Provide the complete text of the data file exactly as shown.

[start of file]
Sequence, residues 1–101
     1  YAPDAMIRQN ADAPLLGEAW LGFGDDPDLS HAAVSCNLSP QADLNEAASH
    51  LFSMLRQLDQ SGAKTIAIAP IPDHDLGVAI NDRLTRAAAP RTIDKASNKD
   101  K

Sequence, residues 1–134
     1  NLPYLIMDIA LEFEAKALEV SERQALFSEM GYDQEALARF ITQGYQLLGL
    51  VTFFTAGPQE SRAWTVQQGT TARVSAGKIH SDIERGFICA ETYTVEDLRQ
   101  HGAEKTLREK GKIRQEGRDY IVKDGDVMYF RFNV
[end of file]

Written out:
Sequence, residues 1–101
     1  YAPDAMIRQN ADAPLLGEAW LGFGDDPDLS HAAVSCNLSP QADLNEAASH
    51  LFSMLRQLDQ SGAKTIAIAP IPDHDLGVAI NDRLTRAAAP RTIDKASNKD
   101  K

Sequence, residues 1–134
     1  NLPYLIMDIA LEFEAKALEV SERQALFSEM GYDQEALARF ITQGYQLLGL
    51  VTFFTAGPQE SRAWTVQQGT TARVSAGKIH SDIERGFICA ETYTVEDLRQ
   101  HGAEKTLREK GKIRQEGRDY IVKDGDVMYF RFNV